Bob Kerrey says he's no carpetbagger.
The former governor, who has lived 11 years in New York City and is considering a return to his home state to run for his old U.S. Senate seat, argued Friday that he will always be a Nebraskan.
He noted that he was raised in Nebraska, owns two businesses in Nebraska and pays property taxes in the state. He also argued that other politicians, such as former Republican U.S. Sen. Chuck Hagel, returned to Nebraska and successfully ran for office after living several years out of state.
In the end, however, he said he is comfortable having Nebraskans decide whether he is qualified to represent them in Congress.
"I could relocate to Beijing, China, and die after several years, and I'd die a Nebraskan," Kerrey said.
Kerrey flew into Nebraska for a five-day visit with old friends and others to talk about a potential comeback bid. He made clear that he is seriously considering a return, talking at times like he's already a candidate.
He is considered the Democrats' best hope to retain retiring U.S. Sen. Ben Nelson's seat and, possibly, his party's majority in the Senate.
Kerrey said he expects to make a decision within a week or two.
He is no longer the boyish-looking wunderkind who captivated Nebraskans in 1982 with a long-shot bid for governor. He is now 68, with a crown of silver hair and black reading glasses.
If he runs, Kerrey said, he could be the underdog again.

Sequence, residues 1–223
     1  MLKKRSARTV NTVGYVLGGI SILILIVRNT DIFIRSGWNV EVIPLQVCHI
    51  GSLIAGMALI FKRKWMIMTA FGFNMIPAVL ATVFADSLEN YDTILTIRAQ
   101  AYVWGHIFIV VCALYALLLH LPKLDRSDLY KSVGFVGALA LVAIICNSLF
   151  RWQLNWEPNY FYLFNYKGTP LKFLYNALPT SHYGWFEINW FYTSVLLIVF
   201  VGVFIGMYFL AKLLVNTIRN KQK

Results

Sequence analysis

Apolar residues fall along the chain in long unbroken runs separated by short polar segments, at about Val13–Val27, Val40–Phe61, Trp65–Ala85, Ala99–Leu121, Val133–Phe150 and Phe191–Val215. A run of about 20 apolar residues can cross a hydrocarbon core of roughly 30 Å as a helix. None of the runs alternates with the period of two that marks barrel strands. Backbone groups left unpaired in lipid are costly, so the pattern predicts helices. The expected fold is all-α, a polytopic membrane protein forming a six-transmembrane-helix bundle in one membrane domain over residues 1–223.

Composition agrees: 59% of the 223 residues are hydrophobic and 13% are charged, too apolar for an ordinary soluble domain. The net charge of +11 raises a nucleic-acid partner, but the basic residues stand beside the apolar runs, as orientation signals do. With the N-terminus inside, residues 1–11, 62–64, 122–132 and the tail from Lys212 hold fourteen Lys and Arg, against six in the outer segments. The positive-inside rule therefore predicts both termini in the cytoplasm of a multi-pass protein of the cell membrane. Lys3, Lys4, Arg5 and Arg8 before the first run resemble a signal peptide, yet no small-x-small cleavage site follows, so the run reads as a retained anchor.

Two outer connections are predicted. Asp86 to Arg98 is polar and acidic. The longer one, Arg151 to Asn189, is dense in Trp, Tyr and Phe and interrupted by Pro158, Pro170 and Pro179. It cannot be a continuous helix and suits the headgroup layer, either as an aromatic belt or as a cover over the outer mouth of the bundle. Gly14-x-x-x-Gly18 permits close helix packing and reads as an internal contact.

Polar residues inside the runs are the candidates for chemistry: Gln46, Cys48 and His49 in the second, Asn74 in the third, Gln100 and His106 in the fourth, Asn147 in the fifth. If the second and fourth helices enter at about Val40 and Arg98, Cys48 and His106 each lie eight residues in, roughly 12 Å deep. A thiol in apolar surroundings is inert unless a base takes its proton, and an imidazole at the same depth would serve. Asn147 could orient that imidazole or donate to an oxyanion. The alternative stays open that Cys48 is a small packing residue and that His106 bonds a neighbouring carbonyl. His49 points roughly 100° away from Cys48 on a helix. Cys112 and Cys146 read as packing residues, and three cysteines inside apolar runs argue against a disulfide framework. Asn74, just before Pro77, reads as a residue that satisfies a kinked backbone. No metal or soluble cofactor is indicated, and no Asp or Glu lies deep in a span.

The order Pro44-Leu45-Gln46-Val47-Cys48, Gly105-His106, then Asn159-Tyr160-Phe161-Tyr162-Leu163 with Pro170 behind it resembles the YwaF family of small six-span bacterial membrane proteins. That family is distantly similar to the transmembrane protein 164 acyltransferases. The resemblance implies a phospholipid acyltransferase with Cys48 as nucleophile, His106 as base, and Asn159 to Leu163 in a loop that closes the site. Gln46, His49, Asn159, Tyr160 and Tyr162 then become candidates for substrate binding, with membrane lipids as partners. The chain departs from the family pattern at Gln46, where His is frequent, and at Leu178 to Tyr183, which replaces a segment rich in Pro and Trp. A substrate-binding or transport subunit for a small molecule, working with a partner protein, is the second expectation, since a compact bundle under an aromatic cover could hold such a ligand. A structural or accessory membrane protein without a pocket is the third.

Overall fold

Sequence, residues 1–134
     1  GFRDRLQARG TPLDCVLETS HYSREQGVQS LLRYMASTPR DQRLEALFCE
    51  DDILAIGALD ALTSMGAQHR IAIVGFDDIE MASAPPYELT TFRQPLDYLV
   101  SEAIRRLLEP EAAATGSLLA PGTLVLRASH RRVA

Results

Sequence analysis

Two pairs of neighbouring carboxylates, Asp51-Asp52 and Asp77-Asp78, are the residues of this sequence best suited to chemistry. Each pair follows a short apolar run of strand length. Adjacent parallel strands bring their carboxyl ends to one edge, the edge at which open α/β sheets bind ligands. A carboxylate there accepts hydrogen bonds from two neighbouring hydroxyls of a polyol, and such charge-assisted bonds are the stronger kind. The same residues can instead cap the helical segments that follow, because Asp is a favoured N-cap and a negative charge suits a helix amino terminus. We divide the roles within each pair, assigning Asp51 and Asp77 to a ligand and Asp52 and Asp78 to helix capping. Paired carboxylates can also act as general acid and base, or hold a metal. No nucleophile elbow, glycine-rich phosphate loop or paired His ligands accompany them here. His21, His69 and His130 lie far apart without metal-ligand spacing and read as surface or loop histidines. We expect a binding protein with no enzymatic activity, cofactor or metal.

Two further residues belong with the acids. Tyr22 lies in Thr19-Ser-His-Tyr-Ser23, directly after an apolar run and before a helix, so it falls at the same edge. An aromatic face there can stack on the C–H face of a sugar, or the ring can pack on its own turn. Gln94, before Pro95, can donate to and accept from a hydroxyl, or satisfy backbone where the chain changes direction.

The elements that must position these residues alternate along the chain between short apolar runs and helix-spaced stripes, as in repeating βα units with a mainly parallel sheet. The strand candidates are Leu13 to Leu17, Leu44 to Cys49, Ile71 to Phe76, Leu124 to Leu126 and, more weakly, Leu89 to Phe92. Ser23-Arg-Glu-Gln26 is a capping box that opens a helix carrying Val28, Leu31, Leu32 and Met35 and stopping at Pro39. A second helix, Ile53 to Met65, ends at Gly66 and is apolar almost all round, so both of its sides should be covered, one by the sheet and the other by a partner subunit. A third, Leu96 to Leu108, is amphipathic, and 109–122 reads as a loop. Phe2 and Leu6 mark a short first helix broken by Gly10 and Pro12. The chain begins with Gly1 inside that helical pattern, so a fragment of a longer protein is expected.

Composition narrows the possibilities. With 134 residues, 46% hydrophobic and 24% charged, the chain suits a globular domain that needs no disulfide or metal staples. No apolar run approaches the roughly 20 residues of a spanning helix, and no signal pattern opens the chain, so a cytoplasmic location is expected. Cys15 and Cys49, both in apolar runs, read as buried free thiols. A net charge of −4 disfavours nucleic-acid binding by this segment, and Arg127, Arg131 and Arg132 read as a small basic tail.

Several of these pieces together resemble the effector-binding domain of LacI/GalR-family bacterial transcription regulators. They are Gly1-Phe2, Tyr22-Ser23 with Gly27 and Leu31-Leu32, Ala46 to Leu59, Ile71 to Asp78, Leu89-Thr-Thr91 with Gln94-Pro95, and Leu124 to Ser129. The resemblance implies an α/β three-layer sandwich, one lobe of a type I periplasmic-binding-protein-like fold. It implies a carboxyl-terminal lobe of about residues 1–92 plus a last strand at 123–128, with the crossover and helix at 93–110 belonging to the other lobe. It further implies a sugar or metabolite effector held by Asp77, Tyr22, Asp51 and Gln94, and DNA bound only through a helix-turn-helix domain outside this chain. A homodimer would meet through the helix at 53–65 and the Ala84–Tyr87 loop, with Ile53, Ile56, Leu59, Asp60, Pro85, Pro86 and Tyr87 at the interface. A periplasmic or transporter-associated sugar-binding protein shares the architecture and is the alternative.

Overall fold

He noted that he is a new face to a whole generation of Nebraskans. The last time he was on the ballot in Nebraska was in 1994. That means anyone under the age of 35 has never seen his name on a ballot.
History also is not on Kerrey's side.
Only 22 senators in the nation's history have returned to the Senate after leaving for 12 years or more, said Eric Ostermeier, a political scientist at the University of Minnesota who writes the nonpartisan Smart Politics blog.
The last time a senator with a long time gap won re-election was 2010, when former Indiana Sen. Dan Coats cruised to an easy win after more than a decade out.
"It has happened, but it's unusual," Ostermeier said.
If he returns, Kerrey said he would buy a house, but his family would continue to live in New York for the time being. He and his wife, Sarah, have a 10-year-old son in fourth grade.
"We're not going to pull him out of school for political purposes," Kerrey said.
He also said he doubted that his family would ever completely live in Nebraska, saying if he won the election, he expects Henry would go to school in the Washington, D.C., area.
But, he said, he and his wife have long considered buying a home and spending more time in Nebraska. He wants his son to get to know his relatives better, including three aunts and an uncle.
Kerrey said his final decision will rest on whether he feels he has something "unique" to offer Nebraskans.
If he does run, he says it will not be to preserve Democrats' hold on the Senate majority.
"I really can't be talked into this, and I really can't be talked out of it," Kerrey said.
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